Scientists at NASA and artists from StudioKCA wanted people to experience the movement of satellites through space. The NASA Orbit Pavilion was the result of that collaboration. In this exhibit, the trajectory of 20 earth-orbiting satellites, including the International Space Station where represented by a series of amplified surround speakers. The arrangement of these speakers lead to a spiralling symphony of satellites, each with their own distinct sound, Spiralling sounds were mirrored in the spiral of the pavilion. This symmetry between the sound and the shape of the pavilion helps to immerse both the visual and aural senses. I thought that this was a wonderful way to sonify data moving in space. This brings me back to my thoughts on sound in 3D space and the movement of sound. As the satellites circle the room, you can hear musical elements fall in or out as certain satellites move faster or slower. If you listen closely, you can hear the pairing of orbital chords when “satellites” converge on each other. The sounds of the satellites, and the satellites themselves, form regular patterns that are repeated. Repeated patterns occur all around us; from orbiting celestial bodies to stream networks to spectral reflectance (see previous post). Many of these patterns can be represented by mathematical principles. However, with every pattern, with every symmetry, there is also asymmetry and anisotropy. Music also mirrors these principles. There is an excellent video by the Santa Fe Institute that discusses this very point; the marriage between music and math. Many classical composers used patterns and symmetry in their music, like Bach. But on the other hand, there were avant gardes like Ornette Coleman, that destroyed any sense of patterns. These ideas of both the identifiable and the abstract interest me. With all these recent thoughts on musical patterns, sound geolocation (see previous post) and chats with Christina about transferring musical patterns into movement, I think I have some new ideas for updates to the Eco Orchestra code.
Over the past few weeks, I’ve been thinking about legacy and lineage in both art and science.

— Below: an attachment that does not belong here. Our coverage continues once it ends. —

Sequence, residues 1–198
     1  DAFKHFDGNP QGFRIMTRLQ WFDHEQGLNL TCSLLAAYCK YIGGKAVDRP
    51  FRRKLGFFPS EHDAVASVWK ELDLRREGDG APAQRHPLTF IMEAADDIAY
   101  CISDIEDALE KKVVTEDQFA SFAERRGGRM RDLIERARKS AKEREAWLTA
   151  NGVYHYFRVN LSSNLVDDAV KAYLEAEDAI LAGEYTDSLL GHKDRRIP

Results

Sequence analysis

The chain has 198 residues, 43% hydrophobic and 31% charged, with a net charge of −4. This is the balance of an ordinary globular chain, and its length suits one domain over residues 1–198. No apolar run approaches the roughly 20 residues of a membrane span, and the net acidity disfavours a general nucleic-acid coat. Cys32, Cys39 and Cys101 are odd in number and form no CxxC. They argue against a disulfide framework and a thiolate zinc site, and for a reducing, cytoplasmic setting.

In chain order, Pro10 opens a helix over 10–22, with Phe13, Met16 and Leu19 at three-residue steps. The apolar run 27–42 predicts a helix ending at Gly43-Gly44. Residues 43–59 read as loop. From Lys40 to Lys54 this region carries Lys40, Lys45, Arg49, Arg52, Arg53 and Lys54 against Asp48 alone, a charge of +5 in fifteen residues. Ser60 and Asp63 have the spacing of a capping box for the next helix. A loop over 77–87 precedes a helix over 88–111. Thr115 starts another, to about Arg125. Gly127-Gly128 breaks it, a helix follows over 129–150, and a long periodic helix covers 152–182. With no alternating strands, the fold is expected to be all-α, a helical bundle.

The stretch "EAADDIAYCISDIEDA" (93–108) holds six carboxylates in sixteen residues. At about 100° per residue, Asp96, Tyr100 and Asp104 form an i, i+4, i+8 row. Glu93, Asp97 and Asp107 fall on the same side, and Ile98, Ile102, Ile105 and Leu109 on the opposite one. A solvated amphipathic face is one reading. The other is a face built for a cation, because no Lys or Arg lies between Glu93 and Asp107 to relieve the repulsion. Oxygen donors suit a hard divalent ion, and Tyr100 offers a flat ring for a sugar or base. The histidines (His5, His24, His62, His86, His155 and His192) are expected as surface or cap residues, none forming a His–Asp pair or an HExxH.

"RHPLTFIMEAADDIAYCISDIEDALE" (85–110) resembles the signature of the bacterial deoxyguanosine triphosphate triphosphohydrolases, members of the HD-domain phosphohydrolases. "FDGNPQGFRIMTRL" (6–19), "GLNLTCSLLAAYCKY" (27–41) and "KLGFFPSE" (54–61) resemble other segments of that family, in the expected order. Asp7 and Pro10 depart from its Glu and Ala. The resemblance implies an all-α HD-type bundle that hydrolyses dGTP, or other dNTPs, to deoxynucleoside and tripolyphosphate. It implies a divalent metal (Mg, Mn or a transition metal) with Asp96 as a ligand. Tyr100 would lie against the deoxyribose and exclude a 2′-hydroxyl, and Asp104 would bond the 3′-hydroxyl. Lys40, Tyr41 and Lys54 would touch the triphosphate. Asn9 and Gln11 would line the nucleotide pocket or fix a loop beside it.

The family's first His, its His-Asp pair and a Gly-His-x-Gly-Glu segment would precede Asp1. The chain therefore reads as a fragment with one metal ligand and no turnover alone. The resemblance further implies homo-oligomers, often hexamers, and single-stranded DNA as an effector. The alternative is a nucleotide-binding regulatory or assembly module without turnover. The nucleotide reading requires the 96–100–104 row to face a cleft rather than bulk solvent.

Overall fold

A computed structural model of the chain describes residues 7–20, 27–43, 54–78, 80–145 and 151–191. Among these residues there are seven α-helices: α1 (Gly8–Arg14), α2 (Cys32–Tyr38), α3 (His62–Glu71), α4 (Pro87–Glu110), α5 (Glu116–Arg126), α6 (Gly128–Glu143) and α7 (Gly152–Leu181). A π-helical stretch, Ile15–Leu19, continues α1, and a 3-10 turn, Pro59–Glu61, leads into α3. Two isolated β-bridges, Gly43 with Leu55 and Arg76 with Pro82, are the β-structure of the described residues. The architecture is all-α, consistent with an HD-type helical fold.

I’ve had the privilege to witness two modern dance pioneers in Philadelphia this month - groundbreaking postmodern choreographer Yvonne Rainer spoke in Philadelphia a few weeks ago, and the Martha Graham Dance Company (the performing company of arguably the founder of modern dance) came through on their tour this past weekend. Both had indelible impacts on the field of modern dance. Martha Graham developed a modern dance technique and showed the world a kind of performance that had never been seen before. Legendary choreographers Merce Cunningham and Paul Taylor got their start dancing with Graham and went on to radically advanced the dance world forward in their own ways. Both of them have also begat contemporary giants of the field, such as neoclassical giant David Parsons. Yvonne Rainer built on Graham’s legacy by rebelling against it - breaking open the form and structure of dance. Today, choreographers often trace their lineage to describe and position their work.
This idea seems important in science as well as art. I often hear scientists talking about the concept of “standing on the shoulders of giants” - the idea that you’re only where you are because of what others did before you. For both artists and scientists, there is deep importance of knowing where you come from in order to develop something new. We are always building on the knowledge and discovery of those who came before.
Seeing both of these great dance masters in the past few weeks has helped me clarify a number of things about my own choreography - thinking about ways to apply some of these ideas and principles, and establishing and acknowledging the roots of this project that I’m working on now.
For example, Merce Cunningham usually developed his choreography in complete isolation of the music - a recent reflection I heard about his work noted that often, the only thing his choreography and the music had in common was their duration. He often used chance in order to determine the sequence of his movements, including utilizing the I Ching. This resonated with me as I consider how to approach data-driven music - the music isn’t random, but as I’ve written in previous blog posts, there are aspects of it that are particularly complex to enter into choreographically, since they are not planned out by the human compositional hand. So I’m chewing on ways that I can utilize chance to develop the movement for the piece that David and I are hoping to develop together.
It is important to me that the choreography that I develop has a relationship to the music that is more than simply duration - I want it to be an interpretation of the music of the land after all – but nevertheless I think there is a lot I can take from the work of chance in dance by modern dance masters like Cunningham. Perhaps instead of developing a sequence comprehensively, I could say that a certain gesture equals a certain data range in the music, allowing the data to drive the structure of the movement. Standing on the shoulders of giants, in my case, has opened up new ways of thinking about how I approach this contemporary sciart work.
Visit our other residency group's blogs HERE
David Lagomasino is an award-winning research scientist in Biospheric Sciences at the NASA Goddard Space Flight Center in Maryland, and co-founder of EcoOrchestra.
Christina Catanese is a New Jersey-based environmental scientist, modern dancer, and director of Environmental Art at Schuylkill Center for Environmental Education.